A method in accordance with a preferred embodiment of the invention includes the steps of positioning a heat exchange conduit system within a surface to be protected from snow buildup and pumping relatively warm subsurface water, having a temperature greater than freezing, from the earth and into the heat exchanger conduit system. Following heat transfer of the relatively warm subsurface water through the conduit system, the cooled subsurface water is discharged into at least one recharging well for being reheated by solar or geothermal energy contained within upper ground regions. A non-returned valve is maintained in a upper most position between the water lift well and the heat exchange conduit system and a vacuum is prevented from forming adjacent the non-return valve such that air can enter the conduit system upon termination of ground water pumping operations to allow the system to automatically drain and thus prevent freezing of the conduit system.
Other objects and advantages of the present invention will become apparent from the following detailed description of preferred embodiments thereof, taken in conjunction with the accompanying drawings, wherein:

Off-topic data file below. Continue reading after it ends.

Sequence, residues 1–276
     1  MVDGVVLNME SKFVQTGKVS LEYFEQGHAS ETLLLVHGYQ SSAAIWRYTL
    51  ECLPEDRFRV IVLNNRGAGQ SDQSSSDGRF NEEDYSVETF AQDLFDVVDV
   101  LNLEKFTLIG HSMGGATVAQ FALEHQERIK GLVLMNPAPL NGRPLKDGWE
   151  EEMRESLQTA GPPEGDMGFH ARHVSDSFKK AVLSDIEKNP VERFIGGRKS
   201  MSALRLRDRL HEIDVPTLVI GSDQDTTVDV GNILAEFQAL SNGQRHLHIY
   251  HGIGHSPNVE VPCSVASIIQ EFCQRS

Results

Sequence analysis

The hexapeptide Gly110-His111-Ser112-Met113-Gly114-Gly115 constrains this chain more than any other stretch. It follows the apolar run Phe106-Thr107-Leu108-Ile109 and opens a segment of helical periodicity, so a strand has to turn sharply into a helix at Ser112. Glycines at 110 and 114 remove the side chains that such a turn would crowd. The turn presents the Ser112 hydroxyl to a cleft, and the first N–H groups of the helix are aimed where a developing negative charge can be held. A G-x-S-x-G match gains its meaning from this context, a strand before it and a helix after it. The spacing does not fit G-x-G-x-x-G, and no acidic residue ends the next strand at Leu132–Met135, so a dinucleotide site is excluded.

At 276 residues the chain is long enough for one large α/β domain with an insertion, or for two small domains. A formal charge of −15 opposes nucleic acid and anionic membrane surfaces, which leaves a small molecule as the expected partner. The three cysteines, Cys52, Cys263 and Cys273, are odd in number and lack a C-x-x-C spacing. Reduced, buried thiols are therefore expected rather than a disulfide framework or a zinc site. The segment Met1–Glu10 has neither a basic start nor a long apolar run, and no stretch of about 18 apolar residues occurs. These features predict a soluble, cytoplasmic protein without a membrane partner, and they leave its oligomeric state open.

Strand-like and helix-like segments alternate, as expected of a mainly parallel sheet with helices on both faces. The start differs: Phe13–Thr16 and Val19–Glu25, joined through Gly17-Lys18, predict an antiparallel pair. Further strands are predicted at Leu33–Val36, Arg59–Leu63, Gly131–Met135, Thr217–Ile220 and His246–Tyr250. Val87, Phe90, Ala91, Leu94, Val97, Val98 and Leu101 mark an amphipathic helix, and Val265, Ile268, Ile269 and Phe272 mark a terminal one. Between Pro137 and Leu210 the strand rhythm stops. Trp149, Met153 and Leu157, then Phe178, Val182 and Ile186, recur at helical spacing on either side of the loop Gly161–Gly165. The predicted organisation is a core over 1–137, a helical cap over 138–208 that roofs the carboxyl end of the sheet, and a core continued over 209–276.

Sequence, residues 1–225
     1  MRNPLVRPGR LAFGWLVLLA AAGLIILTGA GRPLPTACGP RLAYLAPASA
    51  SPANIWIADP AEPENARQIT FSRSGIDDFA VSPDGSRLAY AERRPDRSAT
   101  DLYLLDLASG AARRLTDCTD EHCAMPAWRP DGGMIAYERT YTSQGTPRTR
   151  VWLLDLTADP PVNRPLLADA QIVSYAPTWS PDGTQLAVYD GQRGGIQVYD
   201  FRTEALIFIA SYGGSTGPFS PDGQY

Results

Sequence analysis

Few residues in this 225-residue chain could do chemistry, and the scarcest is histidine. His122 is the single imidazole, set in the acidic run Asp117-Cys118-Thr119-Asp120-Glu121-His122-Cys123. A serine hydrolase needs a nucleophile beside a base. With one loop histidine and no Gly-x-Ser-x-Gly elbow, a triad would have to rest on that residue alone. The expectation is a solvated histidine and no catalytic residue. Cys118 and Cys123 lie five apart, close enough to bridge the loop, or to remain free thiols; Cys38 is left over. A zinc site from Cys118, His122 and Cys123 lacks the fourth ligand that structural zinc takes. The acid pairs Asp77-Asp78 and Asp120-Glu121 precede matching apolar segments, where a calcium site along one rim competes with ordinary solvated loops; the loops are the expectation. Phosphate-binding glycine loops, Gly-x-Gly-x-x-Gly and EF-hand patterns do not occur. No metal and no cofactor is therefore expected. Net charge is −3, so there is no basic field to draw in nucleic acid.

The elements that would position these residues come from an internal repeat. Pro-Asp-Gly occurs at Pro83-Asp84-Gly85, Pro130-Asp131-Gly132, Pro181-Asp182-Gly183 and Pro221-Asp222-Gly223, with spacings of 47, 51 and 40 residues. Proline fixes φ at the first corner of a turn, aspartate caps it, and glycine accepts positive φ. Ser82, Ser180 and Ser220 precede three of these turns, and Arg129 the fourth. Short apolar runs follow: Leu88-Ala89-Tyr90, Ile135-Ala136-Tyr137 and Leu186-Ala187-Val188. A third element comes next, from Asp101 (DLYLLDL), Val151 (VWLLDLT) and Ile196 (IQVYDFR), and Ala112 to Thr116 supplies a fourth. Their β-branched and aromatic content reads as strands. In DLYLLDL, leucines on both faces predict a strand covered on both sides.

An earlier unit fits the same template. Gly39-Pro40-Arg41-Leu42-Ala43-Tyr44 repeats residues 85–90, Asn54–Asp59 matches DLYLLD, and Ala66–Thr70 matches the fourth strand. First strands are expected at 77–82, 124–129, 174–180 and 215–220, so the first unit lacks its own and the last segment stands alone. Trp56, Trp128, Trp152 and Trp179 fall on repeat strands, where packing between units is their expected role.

FIG. 1 is a sectional view of one preferred embodiment of the invention including a water lift well positioned adjacent a roadway surface and an embedded heat exchange conduit system within the roadway surface and a recharging well positioned downstream of the conduit surface to return the ground water to the earth for reheating;
FIG. 2 is a cross-sectional detail view of placement of the heat exchange conduit system in a location between a roadbed and a surface paving composition of enhanced thermal transfer characteristics;
FIG. 3 is a graph depicting a theoretical explanation of the transmission of heat of ground water through the surface composition to melt snow upon the exterior surface of the composition;
FIG. 4 is a plan view of a heat exchange conduit system, such a depicted in FIG. 1, including a main supply pipe and a water return pipe which are connected by a plurality of transversely extending, sinusoidally shaped, heat transfer pipes;
FIG. 5 is a plan view of an example of a plurality of recharging wells surrounding a single water lift well;
FIG. 6 is a cross-sectional view taken along section line 6--6 in FIG. 5 disclosing the relationship of recharging wells with respect to a central water lift well;
FIG. 7 is a schematic diagram illustrating the relative change of the ground water temperature as the ground water migrates from the recharging wells toward a central water lift well as illustrated in FIG. 6; and